Issue:October 2018

AAPS BRIEF – Personalized Medicines for Oral Drug Delivery Devices: Definitely NOT Your Father’s Tablets


As we near the end of 2018, I’m as excited as I’ve ever been about new pharmaceutical science technologies on the horizon. Concepts like how to use machine learning and AI technology to truly personalize medicine are starting to become a reality. GSK’s ATOM project aims to transform drug discovery and development going from validated target to humans in 1 year or less. When successful, this will revolutionize the pharmaceutical industry.

Another exciting technology that has the potential to create a paradigm shift in the pharmaceutical sciences is 3D printing. The incorporation of 3D printing technology was made a reality with the approval of the first 3D-printed pharmaceutical, Aprecia, by the FDA in 2015. This increased the research and interest around 3D-printed formulations and now, highly sophisticated tablets are being developed with the ability to combine multiple drugs with separate release profiles in a single formulation. The potential for true personalized medicine is within close reach. These are definitely NOT your father’s tablets…

Using 3D printing technology, tablets can be created with a simple structure to address some clinical/formulation needs or sophisticated structures, such as compartments with various geometric shapes to modulate the release rate, mode, and onset time.

3D-printed tablets have been created using powder binding (as exemplified by Aprecia) or fused deposition modeling (FDM) 3D-printing technologies for manufacturing or personalized medicine. Using powder binding 3D printing technology, tablets are created with a highly porous structure for fast disintegration. In contrast, using FDM technology, Triastek has fabricated tablets that provide unique pharmacokinetic (PK) profiles for controlling the release rate (zero order or variable kinetics), release mode (pulsatile, immediately or constant release), and onset time. The incorporation of multiple APIs with multiple PK profiles really opens the door for personalized medicines.

Application of FDM 3D printing technology will also revolutionize the formulation development process. Using the processing parameters of excipients and the precision manufacturing of tablets by 3D printing, the release profiles of tablet can be predetermined. Therefore, the tablet can be designed to generate specific release profile to meet clinical needs. A “formulation-by-design” approach has been realized by Triastek using FDM 3D printing technology, which allows the formulation process moving away from traditional formulation by trial method. The formulation-by-design approach gives preclinical and clinical trial formulation a predictable and accelerated development time.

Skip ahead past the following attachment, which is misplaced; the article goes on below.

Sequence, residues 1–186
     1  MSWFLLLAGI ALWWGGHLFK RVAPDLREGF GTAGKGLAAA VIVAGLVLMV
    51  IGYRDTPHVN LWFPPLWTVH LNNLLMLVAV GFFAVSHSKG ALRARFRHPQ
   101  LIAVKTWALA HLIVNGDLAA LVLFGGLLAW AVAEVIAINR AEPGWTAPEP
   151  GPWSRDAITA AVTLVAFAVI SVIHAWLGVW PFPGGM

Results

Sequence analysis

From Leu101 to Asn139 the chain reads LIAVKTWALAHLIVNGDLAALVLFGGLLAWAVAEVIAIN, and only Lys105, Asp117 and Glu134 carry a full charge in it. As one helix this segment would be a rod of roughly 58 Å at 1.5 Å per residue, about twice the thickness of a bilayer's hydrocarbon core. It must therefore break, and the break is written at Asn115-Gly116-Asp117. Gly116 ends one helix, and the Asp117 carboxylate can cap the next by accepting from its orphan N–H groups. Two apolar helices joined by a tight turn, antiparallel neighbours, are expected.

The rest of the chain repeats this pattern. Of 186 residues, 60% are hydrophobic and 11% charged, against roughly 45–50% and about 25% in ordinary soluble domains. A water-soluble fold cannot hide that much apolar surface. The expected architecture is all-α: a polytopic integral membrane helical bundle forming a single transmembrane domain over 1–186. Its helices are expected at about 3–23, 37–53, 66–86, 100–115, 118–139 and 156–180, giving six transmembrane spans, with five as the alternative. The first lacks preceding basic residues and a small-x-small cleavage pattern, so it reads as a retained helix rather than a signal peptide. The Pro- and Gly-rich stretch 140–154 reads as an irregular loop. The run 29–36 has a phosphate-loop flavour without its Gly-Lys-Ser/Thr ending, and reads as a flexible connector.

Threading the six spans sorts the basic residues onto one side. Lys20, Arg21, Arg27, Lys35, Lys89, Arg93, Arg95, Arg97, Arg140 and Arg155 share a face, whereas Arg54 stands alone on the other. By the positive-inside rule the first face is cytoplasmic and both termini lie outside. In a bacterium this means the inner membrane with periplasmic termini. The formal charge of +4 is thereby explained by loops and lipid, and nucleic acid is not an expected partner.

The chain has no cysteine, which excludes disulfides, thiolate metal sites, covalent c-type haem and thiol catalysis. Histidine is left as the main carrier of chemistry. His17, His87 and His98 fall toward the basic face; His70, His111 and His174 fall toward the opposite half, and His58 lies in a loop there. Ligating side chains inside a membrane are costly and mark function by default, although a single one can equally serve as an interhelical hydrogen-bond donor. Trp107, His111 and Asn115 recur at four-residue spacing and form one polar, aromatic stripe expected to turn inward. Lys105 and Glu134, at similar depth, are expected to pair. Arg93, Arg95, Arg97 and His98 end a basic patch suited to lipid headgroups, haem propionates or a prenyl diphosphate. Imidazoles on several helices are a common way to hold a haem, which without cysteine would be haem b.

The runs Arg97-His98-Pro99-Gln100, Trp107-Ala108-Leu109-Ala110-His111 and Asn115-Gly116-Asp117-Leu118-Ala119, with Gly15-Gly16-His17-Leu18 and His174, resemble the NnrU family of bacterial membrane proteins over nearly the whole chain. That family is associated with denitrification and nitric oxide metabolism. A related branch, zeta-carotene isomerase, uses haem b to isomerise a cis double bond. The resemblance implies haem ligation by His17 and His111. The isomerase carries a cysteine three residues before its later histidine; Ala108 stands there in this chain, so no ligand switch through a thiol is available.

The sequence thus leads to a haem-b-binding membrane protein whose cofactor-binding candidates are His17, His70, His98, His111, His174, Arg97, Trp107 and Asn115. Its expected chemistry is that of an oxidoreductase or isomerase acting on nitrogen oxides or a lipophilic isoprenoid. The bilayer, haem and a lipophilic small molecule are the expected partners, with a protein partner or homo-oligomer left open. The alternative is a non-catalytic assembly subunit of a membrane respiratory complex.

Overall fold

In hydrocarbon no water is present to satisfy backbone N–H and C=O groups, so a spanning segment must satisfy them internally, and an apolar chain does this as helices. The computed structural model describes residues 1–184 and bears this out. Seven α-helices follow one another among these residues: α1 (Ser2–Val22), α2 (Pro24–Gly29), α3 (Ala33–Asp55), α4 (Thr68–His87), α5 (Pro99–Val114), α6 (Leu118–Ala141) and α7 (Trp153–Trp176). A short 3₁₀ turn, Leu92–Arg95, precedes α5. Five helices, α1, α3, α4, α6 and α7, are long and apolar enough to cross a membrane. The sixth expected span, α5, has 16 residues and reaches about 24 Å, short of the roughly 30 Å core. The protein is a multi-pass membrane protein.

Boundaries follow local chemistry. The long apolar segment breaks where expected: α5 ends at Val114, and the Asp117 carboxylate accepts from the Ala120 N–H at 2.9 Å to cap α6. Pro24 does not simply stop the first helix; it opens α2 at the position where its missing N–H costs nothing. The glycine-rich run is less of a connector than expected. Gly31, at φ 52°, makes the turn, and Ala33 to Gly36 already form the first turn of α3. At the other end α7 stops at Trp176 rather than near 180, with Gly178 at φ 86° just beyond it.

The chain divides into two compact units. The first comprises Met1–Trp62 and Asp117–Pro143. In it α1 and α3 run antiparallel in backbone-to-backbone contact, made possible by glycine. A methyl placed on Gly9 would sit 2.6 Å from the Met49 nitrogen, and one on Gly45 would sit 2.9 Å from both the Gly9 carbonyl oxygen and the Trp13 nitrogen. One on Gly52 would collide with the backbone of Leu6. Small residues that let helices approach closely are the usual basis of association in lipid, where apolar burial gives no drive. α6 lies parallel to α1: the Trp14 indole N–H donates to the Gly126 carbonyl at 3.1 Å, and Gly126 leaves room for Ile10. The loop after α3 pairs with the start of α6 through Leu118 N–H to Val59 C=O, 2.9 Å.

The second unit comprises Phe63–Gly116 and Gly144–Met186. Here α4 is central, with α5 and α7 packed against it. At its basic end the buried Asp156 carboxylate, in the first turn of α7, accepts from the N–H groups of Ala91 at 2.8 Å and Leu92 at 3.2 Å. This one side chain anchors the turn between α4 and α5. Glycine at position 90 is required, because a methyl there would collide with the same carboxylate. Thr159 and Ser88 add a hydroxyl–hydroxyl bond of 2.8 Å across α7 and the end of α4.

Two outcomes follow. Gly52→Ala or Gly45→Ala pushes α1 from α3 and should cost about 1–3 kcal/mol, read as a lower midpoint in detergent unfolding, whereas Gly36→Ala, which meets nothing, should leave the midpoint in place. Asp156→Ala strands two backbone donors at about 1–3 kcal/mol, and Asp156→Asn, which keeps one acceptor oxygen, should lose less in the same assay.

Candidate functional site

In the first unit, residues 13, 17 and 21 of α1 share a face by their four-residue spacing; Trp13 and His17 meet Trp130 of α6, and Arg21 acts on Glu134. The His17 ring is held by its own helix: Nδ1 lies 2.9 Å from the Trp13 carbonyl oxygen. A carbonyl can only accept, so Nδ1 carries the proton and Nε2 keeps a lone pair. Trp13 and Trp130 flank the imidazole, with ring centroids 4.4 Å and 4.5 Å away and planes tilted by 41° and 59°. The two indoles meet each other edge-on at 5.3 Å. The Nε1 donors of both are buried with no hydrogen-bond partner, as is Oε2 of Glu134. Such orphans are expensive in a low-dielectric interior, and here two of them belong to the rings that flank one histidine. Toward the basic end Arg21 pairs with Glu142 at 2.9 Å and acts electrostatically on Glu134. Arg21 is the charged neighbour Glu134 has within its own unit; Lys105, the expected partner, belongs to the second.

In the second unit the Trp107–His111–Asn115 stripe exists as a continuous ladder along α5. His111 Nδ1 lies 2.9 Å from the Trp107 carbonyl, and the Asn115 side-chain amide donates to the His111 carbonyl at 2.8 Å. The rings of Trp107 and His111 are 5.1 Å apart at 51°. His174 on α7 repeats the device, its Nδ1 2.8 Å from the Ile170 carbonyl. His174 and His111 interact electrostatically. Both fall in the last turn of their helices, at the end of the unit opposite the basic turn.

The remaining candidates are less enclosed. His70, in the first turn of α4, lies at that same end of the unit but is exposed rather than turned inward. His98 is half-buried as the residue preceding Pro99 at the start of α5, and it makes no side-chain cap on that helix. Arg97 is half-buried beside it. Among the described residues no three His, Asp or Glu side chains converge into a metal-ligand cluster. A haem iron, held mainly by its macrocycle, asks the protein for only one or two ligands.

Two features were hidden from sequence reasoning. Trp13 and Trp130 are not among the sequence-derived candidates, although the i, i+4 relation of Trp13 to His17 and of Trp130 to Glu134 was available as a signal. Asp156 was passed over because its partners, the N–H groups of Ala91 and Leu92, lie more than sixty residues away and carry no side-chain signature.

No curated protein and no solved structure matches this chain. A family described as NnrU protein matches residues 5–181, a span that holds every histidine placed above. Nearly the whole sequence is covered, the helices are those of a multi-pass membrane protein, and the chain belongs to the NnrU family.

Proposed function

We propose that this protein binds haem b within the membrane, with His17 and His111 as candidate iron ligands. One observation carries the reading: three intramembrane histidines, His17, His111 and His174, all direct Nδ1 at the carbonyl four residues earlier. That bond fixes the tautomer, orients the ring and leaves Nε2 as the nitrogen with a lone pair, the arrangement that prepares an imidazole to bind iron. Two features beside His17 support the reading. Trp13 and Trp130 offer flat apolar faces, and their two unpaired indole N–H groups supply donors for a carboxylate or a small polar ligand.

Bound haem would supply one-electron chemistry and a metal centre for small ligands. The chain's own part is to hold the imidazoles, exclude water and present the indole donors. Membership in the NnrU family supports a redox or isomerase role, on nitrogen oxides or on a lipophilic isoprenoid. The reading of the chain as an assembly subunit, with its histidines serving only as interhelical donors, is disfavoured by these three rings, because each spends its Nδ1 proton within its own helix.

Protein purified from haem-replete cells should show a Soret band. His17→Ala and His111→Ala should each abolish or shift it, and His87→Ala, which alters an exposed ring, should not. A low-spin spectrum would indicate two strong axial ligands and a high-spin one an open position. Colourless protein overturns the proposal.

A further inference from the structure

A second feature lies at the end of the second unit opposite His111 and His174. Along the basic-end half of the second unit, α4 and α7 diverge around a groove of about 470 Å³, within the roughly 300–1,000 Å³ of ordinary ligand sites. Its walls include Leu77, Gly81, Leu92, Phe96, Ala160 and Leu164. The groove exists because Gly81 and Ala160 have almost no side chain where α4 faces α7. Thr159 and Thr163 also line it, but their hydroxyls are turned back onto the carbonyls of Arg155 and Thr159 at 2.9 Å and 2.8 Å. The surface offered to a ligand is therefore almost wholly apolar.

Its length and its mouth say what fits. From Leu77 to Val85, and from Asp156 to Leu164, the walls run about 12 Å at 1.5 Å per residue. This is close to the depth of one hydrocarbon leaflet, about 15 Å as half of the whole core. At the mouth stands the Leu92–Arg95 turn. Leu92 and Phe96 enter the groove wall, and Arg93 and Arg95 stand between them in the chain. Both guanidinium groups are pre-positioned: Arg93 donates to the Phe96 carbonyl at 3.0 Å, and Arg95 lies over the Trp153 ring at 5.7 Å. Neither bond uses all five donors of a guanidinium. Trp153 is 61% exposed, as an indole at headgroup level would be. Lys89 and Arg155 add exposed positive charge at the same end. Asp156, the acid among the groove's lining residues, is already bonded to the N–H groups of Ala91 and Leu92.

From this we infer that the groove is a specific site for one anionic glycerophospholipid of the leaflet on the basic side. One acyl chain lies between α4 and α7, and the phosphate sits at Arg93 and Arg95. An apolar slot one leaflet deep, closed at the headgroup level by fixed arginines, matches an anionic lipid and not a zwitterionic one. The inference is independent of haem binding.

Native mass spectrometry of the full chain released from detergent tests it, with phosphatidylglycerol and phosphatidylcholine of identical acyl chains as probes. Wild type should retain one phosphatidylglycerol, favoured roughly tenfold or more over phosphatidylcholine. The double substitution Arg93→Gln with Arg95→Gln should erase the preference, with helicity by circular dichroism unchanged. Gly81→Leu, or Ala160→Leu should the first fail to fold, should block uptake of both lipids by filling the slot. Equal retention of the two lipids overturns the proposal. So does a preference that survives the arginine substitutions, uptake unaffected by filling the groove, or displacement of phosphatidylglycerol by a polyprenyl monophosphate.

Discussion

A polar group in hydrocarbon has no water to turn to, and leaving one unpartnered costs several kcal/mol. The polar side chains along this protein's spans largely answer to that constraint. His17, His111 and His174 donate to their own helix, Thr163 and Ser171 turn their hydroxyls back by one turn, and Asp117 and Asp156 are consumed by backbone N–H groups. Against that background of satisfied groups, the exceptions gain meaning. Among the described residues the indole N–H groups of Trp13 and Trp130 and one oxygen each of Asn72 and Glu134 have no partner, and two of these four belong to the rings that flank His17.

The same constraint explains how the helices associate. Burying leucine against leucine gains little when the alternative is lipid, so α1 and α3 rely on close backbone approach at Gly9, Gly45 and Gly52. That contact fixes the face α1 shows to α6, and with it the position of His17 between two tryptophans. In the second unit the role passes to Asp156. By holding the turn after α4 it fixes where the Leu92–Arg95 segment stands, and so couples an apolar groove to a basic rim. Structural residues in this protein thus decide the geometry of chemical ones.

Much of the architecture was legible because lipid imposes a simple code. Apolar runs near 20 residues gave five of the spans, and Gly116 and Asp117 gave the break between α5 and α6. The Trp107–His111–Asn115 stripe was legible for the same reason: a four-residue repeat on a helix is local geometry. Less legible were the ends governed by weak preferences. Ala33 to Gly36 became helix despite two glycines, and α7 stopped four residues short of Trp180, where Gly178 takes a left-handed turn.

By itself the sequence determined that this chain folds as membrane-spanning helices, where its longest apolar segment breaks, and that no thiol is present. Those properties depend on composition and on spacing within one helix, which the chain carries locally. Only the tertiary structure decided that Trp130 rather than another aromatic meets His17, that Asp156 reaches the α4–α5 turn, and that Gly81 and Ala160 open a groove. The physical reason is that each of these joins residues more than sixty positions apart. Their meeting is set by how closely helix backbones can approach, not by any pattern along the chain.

-3D printing in pharmaceutical tablet application is a new direction for the tablet manufacturing that has been used for more than 150 years.

-FDM 3D printing is capable of fabricating unique architecture within a tablet.

-Formulation-by-design using FDM 3D printing technology represents a paradigm shift in the formulation development of pharmaceutical products.

-3D printing pharmaceutical manufacturing has its advantage over the traditional tablet manufacturing method but will co-exist with traditional pharmaceutical manufacturing for the foreseeable future.

-3D printing technology for individualized medicine or personalized medicine has great potential but will not be broadly implemented until regulatory aspects of this technology in place.

In closing, we live in an exciting time in which truly personalized medicine is possible. These advancements in technologies can in turn positively affect patient compliance, patient outcomes, and most importantly, improve global health.

Christopher R. McCurdy, PhD, FAAPS
2018 President of the American
Association of Pharmaceutical Scientists